Neutral Milk Hotel the forefathers of indie

By Patrick Wagner

I always tend to listen to music in cycles. I’ll listen to one group consistently for a while,… I always tend to listen to music in cycles. I’ll listen to one group consistently for a while, get interested in something vaguely related, then return to the original group worthy of my affections just every once in a while after. An amateur history buff, I tend to channel that vaguely related category into the seminal musicians that inspired the artistic fire of my favorite bands.

With my first musical love, punk rock, it went all the way back to the Velvet Underground’s transcendental atmosphere. With my later high school musical interests in a genre I still find hard to define — indie rock — my research went back to a group who channeled three chords of noisy folk into magic. Before there could be an Arcade Fire or Good News for People Who Love Bad News, there had to be Neutral Milk Hotel.

Though you could argue all day about who created the now Grammy-winning and Platinum-selling genre of indie rock, it came out of two conditions: the demise of alternative rock’s integrity with music fans — as the industry marketed that genre into oblivion — and an increasing interest among musicians in sound outside of its rather rigid confines.

Neutral Milk Hotel’s plaid shirt-clad leader Jeff Mangum certainly channeled those ideas when he founded the group as essentially a solo project in the early 1990s, releasing cassette tapes that combined auditory art with his seemingly simple songs. The Louisiana native eventually moved his recording toward more conventional releases with an unset full band, producing an EP entitled Everything Is in 1994 and an album entitled On Avery Island in 1996.

These releases feature rays of Mangum’s connective songwriting. The Everything Is title track is a distorted burst of Kinks’ melody with an avant-garde backbeat, whereas “Song Against Sex” from On Avery Island is a chugging rock number propelled by two guitars and a trombone solo. Each has lyrics that are introspectively free-associative while Mangum’s articulate voice propels them like words of Gospel. Despite the power of these early creations, each seems to be held back by lack of a finished musical concept.

It took the creation of a true band, rather than a collective of musicians, to take the group from another set of people trying to create something meaningful to the forefathers of the biggest musical movement of the 2000s. Multi-instrumentalists Jeremy Barnes, Scott Spillane, Julian Koster and Robert Schneider joined Mangum after the release of On Avery Island, and in the summer of 1997 they recorded Neutral Milk Hotel’s magnum opus, In the Aeroplane Over the Sea.

Mangum begins the album with “King of Carrot Flowers, Pt. 1.” From the startling power-strum of his acoustic guitar to the warbly croon of his voice, it’s easy to tell that Neutral Milk Hotel moved somewhere few had ventured. Lyrically, while describing domestic quarrel, the song’s speaker delivers dynamite pieces of perspective. “I sank into your soul / Into that secret place where no one dares to go,” the lyrics read.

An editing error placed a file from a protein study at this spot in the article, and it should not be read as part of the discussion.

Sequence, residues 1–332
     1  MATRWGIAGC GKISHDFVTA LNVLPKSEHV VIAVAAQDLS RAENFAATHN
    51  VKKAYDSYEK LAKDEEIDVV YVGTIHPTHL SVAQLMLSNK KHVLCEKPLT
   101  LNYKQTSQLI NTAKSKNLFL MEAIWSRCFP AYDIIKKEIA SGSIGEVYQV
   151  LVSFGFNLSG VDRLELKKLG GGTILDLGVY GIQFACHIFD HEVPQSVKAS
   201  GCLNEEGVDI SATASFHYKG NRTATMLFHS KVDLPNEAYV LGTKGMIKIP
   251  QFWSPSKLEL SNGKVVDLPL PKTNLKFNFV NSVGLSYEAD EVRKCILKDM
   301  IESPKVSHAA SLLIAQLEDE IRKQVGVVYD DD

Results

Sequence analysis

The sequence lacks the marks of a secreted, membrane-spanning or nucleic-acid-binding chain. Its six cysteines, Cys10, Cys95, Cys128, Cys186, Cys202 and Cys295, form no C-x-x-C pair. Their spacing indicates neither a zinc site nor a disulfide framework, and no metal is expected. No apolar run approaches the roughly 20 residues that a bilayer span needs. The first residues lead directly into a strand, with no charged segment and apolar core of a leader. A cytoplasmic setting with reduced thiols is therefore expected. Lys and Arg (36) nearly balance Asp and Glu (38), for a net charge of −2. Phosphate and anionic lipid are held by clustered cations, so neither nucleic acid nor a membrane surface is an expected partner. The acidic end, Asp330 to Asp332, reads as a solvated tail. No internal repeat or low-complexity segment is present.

The sixth track on the album, “Holland, 1945,” isn’t just Neutral Milk Hotel’s most famous single song, but also one of the clearest indicators to the album’s underlying lyrical theme: the life of Anne Frank. “The only girl I ever loved / was born with roses in her eyes / But then they buried her alive / one evening 1945,” the lyrics read.

After Mangum introduces himself with a count off, Barnes’ hypnotic intensity on the drums and the rest of the group’s orchestrated grid of overwhelming colorful noise takes his song from the earth into the stratosphere.

As the music is delivered in some form of raw feeling, the lyrics spring from the track like petals from a flower, constantly reminding the listener of human emotion. Each perfect morsel connects in a way that not only reminds you of Anne Frank’s story, but of your own.

Shortly after Neutral Milk Hotel completed the tour in support of In the Aeroplane Over the Sea, the band broke up. As is often the case, increasing stress over its success was too much for the group and particularly for Mangum, who has made sporadic live appearances and released a few low-key albums. The other members have moved on to other musical careers.

In the Aeroplane Over the Sea is probably considered a masterpiece by those mildly pretentious music lovers in your life, but beyond what the admittedly hip have to say, it’s a great album and Neutral Milk Hotel remains more than the Abraham of some musical hipster religion. As indie rock dominates the world, new listeners continue to flock toward one of the originators, Jeff Mangum, and his sound that launched a thousand Pitchfork reviews.

Gift suggestion:

Rather than searching for a perfect new CD or concert ticket for that special someone this holiday season, maybe you should look for a musical gift in the form of the “obsolete” vinyl format. The 33.5 RPM record has gotten its second wind as amateur audiophiles have clamored in the last few years for its authentic sound and more substantial artwork. Record players can still be found for relatively cheap at most flea markets, but even without these devices the records themselves are great gifts, whatever your budget. Classic rock staples (Black Sabbath, The Rolling Stones) and indie releases (Neutral Milk Hotel) can sometimes cost more than a new CD. However, used records easily found at many local music shops for less than $5 can offer a diverse set of quirky musical (and visual) experiences to whomever might be on your list.